The high-value rupee ban of November 2016 continues to harm the growing middle class in India.
Many people that relied on either the 500 or 1000 rupee bills for daily living expenses have lost much wealth as India transitions to a digitally-driven, cashless economy.
The Indian government, by direction of Prime Minister Narendra Modi, banned all use of the 500- and 1000-rupee bills throughout the nation beginning November 8, 2016 to solve problems of tax evasion, counterfeit currency and to bring India into the modern era with respect to the electronic transfer of funds.
The currency ban is formally called “demonetization.”
Madeline Jacobson, senior digital cinema major, has close family friends that have been impacted by demonetization.
Jacobson’s parents go to India twice a year to teach rural Christian pastors through the help of their in-country missionary, whom they financially support.
This missionary, along with many others in the nation, has had to resort to bartering for basic goods such as chickens and bread.
“The people I go to see in India are very poor. For example, in an entire rural village, there might be two analog phones, which are those older flip phones. Since the demonetization, to keep living life, they have been trading and bartering,” Jacobson said.
Paul Antony, senior vice president over IT operations at Walmart, a member of JBU’s Engineering Advisory Board, and an Indian native, highlighted how Demonetization affects India’s growing middle class, since the bills in question are frequently used in daily transactions by this part of the population.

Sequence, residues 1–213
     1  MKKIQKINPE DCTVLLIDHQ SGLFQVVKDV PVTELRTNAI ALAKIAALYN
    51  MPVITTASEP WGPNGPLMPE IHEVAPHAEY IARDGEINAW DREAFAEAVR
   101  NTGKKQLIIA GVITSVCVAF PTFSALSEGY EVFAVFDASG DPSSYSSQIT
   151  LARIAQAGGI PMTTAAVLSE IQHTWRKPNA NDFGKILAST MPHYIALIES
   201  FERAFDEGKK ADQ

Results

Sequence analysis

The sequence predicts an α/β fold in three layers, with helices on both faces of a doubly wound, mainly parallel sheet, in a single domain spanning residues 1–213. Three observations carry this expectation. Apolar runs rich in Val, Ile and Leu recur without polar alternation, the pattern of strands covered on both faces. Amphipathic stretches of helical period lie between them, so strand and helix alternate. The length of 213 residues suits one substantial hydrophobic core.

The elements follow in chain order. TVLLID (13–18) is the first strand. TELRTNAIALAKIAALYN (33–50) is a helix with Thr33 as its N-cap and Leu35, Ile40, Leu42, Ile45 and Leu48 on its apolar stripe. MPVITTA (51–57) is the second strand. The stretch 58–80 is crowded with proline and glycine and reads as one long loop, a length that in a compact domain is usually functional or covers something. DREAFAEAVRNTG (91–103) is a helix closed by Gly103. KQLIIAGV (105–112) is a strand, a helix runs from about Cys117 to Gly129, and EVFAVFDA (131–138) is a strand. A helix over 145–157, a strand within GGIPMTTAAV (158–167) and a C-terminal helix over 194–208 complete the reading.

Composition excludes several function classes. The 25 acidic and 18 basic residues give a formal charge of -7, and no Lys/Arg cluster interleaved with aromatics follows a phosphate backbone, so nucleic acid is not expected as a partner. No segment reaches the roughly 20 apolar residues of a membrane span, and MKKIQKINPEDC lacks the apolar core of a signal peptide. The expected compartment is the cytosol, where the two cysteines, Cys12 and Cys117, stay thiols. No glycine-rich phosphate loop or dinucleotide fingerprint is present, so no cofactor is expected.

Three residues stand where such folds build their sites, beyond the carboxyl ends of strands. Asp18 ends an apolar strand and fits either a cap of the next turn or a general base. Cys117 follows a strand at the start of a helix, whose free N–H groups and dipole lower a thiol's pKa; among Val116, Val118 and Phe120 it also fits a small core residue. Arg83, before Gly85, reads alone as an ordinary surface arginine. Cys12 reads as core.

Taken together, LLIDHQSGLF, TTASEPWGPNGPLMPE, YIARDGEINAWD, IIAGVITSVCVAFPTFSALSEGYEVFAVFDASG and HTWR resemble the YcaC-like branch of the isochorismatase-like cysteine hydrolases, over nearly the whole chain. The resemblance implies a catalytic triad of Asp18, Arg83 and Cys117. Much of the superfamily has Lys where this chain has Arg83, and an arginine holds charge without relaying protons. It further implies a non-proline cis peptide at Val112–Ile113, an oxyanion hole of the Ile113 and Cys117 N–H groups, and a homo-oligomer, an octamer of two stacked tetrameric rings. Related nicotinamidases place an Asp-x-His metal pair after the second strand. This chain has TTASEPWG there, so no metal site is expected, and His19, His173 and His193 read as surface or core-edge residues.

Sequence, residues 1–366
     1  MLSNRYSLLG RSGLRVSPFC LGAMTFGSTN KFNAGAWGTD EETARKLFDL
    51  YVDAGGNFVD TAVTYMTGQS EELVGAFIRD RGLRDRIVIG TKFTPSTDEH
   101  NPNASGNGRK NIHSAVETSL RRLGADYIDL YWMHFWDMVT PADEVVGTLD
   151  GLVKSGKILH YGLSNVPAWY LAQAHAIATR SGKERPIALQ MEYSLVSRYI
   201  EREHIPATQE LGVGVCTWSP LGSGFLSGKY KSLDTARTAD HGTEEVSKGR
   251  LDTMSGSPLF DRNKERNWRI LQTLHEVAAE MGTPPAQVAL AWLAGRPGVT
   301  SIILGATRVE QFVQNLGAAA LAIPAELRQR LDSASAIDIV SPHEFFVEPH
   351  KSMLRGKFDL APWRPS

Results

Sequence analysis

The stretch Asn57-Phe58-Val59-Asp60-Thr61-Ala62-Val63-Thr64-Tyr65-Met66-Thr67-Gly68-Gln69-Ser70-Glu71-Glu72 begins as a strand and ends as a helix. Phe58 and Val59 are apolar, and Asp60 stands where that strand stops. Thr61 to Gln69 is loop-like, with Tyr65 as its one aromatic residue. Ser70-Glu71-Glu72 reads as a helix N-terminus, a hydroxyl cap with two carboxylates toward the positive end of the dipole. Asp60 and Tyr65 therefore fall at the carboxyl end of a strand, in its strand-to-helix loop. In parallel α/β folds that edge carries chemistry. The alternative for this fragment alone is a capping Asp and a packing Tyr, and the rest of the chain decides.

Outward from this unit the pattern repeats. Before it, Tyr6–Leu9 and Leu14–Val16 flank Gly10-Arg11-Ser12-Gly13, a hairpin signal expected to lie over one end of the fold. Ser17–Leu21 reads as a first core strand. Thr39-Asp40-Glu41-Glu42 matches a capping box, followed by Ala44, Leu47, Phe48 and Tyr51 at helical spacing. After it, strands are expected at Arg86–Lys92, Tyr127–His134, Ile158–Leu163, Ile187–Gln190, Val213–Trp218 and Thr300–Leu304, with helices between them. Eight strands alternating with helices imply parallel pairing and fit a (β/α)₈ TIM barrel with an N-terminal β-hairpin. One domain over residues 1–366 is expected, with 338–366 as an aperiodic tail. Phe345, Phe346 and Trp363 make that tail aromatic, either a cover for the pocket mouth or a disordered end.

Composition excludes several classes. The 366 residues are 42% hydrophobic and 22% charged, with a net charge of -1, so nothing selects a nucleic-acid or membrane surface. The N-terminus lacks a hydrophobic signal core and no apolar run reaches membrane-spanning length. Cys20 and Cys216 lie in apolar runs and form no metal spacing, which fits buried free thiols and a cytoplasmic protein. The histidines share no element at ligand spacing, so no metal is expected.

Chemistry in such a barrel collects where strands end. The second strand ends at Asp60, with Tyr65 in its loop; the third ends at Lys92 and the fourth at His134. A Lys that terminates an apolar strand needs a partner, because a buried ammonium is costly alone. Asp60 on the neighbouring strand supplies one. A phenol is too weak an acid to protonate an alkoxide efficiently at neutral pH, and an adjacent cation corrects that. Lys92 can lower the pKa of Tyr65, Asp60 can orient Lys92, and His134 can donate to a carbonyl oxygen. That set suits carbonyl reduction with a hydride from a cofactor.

“Many people who actually live in that range, where a 500-rupee bill is like a $5 bill, demonetization affects everyday transactions. Most people would literally have wads of cash, whereas if I were to ask you, you probably have everything on your phone or one card. They still carry around a lot of very large notes,” Antony said.
Antony commented on the effectiveness of demonetization, considering the goals with which it was established.
“I think it was a great exercise by the government, but I am not sure that it got them everything they wanted to accomplish. What they found, though, is that there wasn’t that many notes that came back. There was an initial influx, but after that it kind of dropped off. Many people either didn’t have those two bills or they had actually disbursed it somehow. So, I don’t know if it had the same effect as the government expected,” Antony said.
Umashankar Balaraman, community leader at Hindu Association of Northwest Arkansas, was born in India and moved to the U.S. in 1998. He maintains a great relationship with his family and friends in India and visits every other year to India to keep up on the Indian government, culture, and the economy. Balaraman commented on his confidence in the approach of the new Indian government to reform and improve Indian society, which came into office in 2014.
“In 2014, we had a new government [take office]. This government is the very root of those who want to see development to happen in the country. They want to see the country return to the glory we had in the 16th century. It is a big challenge because of the huge population—almost 1.4 billion. This government is doing a lot of infrastructure improvement. One of the biggest ways was the demonetization,” Balaraman said.
“Much of the government corruption money was in 500s and 1000s. In that one night, it made all that money useless. It was a massive stroke and a lot of people lost a lot of money. A lot of people felt like it could have been handled in a much better way. In my opinion, the government really wants to get rid of corruption and improve infrastructure. Their intentions are good, and so I think they will succeed,” Balaraman said.